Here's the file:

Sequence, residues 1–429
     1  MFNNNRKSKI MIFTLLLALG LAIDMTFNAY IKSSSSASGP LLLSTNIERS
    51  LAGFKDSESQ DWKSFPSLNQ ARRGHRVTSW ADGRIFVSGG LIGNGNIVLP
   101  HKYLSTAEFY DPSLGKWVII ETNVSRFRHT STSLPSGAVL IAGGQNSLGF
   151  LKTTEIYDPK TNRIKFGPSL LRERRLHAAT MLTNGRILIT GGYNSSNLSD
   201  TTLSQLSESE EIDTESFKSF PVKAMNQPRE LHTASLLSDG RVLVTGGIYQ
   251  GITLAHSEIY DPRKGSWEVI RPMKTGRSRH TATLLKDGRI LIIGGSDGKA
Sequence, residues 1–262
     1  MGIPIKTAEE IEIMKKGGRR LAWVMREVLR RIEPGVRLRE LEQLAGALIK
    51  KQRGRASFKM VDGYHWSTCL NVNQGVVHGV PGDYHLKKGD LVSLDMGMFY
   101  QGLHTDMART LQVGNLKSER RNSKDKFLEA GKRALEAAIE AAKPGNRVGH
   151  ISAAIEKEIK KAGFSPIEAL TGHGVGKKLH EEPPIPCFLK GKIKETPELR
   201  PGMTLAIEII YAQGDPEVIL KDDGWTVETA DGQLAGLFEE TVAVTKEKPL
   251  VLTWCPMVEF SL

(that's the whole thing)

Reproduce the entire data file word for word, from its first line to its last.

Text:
Sequence, residues 1–429
     1  MFNNNRKSKI MIFTLLLALG LAIDMTFNAY IKSSSSASGP LLLSTNIERS
    51  LAGFKDSESQ DWKSFPSLNQ ARRGHRVTSW ADGRIFVSGG LIGNGNIVLP
   101  HKYLSTAEFY DPSLGKWVII ETNVSRFRHT STSLPSGAVL IAGGQNSLGF
   151  LKTTEIYDPK TNRIKFGPSL LRERRLHAAT MLTNGRILIT GGYNSSNLSD
   201  TTLSQLSESE EIDTESFKSF PVKAMNQPRE LHTASLLSDG RVLVTGGIYQ
   251  GITLAHSEIY DPRKGSWEVI RPMKTGRSRH TATLLKDGRI LIIGGSDGKA
Sequence, residues 1–262
     1  MGIPIKTAEE IEIMKKGGRR LAWVMREVLR RIEPGVRLRE LEQLAGALIK
    51  KQRGRASFKM VDGYHWSTCL NVNQGVVHGV PGDYHLKKGD LVSLDMGMFY
   101  QGLHTDMART LQVGNLKSER RNSKDKFLEA GKRALEAAIE AAKPGNRVGH
   151  ISAAIEKEIK KAGFSPIEAL TGHGVGKKLH EEPPIPCFLK GKIKETPELR
   201  PGMTLAIEII YAQGDPEVIL KDDGWTVETA DGQLAGLFEE TVAVTKEKPL
   251  VLTWCPMVEF SL